Private university police required to release records, rules Ohio Supreme Court

As a follow-up to a story we discussed in March, the Ohio Supreme Court ruled last week that police departments at private universities are subject to public records laws and must comply with public records requests. The case before the court involved Otterbein College, a private Ohio college, whose police force refused to provide records to the student-run news website www.otterbein360.com. After the university refused repeated requests for records, the student news editor filed a mandamus action with the Ohio Supreme Court.

In a per curiam opinion last Thursday the Court found that, "Because its officers are sworn, state-certified police officers who exercise plenary police power, we hold that the Otterbein police department is a public office. Therefore, the department can be compelled to produce public records." The Court emphasized the fact that the police force is established under Ohio law  for "exercising a core function of government: the enforcement of the criminal laws," and that it is playing a role that is "historically a government function." The Court issued the writ of mandamus ordering the police to release records as requested. Justice O'Donnell penned a dissent, which Justice O'Neill joined. Justice Kennedy dissented separately.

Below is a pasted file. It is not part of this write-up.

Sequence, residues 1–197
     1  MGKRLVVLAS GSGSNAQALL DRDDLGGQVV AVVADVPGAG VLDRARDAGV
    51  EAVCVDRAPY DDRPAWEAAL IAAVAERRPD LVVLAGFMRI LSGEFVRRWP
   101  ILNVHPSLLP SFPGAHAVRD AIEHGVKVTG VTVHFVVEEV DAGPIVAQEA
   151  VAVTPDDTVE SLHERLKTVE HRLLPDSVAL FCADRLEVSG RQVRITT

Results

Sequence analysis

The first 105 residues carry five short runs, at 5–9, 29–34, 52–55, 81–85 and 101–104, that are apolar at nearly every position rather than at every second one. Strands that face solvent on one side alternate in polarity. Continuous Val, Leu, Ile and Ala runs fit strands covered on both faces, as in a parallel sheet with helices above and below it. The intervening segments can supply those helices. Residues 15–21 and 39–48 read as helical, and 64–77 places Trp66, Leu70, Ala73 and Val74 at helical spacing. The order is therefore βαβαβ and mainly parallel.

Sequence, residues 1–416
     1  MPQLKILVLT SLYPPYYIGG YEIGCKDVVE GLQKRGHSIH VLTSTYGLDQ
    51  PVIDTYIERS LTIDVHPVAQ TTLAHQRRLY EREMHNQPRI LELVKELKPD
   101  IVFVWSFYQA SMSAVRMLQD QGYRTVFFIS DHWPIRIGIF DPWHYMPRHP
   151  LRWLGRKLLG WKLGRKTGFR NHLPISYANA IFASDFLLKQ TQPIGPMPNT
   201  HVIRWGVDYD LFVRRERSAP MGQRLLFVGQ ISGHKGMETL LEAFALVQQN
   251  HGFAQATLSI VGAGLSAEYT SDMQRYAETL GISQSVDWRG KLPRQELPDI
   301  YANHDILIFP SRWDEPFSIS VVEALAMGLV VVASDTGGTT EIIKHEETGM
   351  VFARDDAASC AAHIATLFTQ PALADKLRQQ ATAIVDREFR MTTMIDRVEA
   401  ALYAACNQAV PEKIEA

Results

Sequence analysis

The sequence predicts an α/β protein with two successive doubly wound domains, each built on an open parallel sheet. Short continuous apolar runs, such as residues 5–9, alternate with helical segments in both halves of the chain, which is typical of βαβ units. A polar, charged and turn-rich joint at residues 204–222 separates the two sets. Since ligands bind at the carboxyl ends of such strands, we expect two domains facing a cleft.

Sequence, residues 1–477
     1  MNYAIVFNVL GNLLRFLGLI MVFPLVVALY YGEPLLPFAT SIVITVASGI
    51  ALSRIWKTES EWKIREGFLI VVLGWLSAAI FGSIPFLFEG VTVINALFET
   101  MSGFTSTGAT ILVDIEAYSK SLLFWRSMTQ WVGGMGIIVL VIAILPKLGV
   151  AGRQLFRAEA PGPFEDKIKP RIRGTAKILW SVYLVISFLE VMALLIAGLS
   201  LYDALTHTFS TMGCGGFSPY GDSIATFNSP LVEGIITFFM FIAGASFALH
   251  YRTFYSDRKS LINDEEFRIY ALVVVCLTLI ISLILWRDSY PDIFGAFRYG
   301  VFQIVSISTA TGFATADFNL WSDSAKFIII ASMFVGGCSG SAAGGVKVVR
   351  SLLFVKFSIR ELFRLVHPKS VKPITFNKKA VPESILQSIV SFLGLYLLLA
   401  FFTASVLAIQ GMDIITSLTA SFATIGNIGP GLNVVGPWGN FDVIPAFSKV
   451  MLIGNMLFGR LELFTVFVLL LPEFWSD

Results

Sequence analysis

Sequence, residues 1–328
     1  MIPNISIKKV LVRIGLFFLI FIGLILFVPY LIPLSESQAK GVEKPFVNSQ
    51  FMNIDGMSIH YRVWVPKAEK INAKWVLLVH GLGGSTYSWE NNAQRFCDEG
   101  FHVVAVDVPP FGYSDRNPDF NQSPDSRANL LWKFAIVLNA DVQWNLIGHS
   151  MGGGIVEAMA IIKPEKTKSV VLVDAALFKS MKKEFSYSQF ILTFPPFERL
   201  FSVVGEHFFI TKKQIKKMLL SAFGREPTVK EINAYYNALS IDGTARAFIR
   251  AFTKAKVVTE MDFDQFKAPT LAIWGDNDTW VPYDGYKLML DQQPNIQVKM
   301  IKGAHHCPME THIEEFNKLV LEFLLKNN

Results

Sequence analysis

The Northeast Ohio Media Group, via Cleveland.com noted that while this decision applies to private colleges that employ a police force under ORC 1713.50, it does not apply to those who merely have security guards.

For more information about this case see this article from Court News Ohio and the online docket, available here.

Photo credit: Author Carmaben via Wikipedia.